There’s no shortage of unboxing videos on the web, but this one is definitely the first of its kind. It’s origins come from a lot of significant firsts that include the first 3D printer developed for use in zero-G, which became the first 3D printer sent to, installed, and used aboard the International Space Station. So naturally, this unique unboxing video reveals the very first 3D printed parts created in space.


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Zero-G Prototypes
The very special delivery contained 21 individually bagged 3D printed tools and parts. While the objects included in the parcel are examples of fully functional components and tools, including wrenches, the 3D printed items will not be used for any specific applications in space or here on Earth. Instead, they will be tested and analyzed to see if and how they differ from a control set of parts that were printed here by the same Made-In-Space developed 3D printer.


The Firsts Of More To Come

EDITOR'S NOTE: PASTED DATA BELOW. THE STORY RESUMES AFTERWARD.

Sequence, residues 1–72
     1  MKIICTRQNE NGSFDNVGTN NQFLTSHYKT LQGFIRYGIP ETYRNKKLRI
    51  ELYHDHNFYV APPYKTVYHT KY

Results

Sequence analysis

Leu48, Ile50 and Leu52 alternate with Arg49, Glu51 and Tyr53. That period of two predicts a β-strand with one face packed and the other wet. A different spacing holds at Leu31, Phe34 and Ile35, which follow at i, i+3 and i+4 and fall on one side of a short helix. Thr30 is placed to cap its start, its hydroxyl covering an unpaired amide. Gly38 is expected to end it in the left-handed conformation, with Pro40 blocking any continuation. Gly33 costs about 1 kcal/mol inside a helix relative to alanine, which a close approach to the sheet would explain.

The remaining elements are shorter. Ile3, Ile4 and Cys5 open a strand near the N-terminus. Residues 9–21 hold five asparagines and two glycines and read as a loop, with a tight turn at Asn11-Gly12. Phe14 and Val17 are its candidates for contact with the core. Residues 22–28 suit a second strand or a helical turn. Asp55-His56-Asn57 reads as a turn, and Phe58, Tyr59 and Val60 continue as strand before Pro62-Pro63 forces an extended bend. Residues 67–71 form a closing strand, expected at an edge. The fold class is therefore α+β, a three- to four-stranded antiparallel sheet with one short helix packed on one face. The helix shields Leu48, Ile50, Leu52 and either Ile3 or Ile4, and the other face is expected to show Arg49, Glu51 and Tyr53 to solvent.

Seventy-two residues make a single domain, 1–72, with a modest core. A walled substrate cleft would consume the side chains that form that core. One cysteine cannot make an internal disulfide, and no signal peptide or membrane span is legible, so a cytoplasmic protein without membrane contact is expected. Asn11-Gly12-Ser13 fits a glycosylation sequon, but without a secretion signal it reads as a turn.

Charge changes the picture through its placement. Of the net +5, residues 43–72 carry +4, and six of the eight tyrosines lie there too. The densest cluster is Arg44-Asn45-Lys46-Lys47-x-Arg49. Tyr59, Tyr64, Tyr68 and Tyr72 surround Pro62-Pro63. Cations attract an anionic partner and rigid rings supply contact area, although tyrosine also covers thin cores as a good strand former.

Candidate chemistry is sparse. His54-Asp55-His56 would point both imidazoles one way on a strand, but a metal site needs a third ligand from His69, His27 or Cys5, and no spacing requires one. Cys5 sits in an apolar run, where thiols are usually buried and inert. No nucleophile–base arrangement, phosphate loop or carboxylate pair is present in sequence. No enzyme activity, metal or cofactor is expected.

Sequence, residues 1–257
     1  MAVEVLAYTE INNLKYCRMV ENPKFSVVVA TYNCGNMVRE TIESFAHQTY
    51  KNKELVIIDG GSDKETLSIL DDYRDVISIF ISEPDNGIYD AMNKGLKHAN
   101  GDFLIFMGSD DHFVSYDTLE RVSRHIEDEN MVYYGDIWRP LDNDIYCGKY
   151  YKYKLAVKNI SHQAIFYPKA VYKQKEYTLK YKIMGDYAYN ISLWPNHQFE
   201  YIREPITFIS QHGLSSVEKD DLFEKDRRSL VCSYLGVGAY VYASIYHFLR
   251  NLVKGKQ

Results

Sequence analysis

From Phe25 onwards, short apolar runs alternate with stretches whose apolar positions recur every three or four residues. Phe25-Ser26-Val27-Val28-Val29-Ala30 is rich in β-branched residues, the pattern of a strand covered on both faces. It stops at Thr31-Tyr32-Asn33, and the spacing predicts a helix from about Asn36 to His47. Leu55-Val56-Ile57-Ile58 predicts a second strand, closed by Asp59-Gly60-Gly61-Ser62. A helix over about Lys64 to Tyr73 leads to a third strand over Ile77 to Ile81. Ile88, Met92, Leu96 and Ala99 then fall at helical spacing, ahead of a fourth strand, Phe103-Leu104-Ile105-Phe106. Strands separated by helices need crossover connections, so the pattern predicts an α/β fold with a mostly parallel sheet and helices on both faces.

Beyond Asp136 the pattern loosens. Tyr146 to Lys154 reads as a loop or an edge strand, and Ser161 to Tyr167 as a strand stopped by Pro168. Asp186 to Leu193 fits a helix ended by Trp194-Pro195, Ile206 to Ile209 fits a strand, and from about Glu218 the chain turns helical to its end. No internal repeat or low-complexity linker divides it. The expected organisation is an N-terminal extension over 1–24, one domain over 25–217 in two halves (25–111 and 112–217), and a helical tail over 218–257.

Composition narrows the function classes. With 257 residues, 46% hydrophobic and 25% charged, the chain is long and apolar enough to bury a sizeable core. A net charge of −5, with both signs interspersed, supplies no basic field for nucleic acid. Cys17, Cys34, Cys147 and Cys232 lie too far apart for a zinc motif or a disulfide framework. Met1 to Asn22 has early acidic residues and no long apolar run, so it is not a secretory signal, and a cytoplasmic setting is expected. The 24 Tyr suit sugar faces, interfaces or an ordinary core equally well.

The parts and tools, which arrived on Earth this past February, are a pioneering step towards potentially creating objects directly aboard the ISS, as they’re needed. This could save time and room aboard the SpaceX Dragon and other future modes of space cargo carry.

Instead of NASA shipping up components and tools periodically, they could simply be printed out, as needed aboard the ISS, Not only could this potentially make life easier for our current astronauts—provided the zero-G printing process is sped up—it could help us be better prepared for future missions into deep space and on the surface of Mars.


Technology Taking Us Further Than Ever Before
3D printing technology could also mean a lot more than small parts and components on demand for our future space pioneers. 3D printed food, smaller crafts, and other essentials are all in the works at NASA. This technology may make it possible to develop the self-sustained systems that will make it possible to for manned space exploration that takes us to completely new reaches of our galaxy.

What do you think will be next for 3D printing technology aboard the International Space Station?

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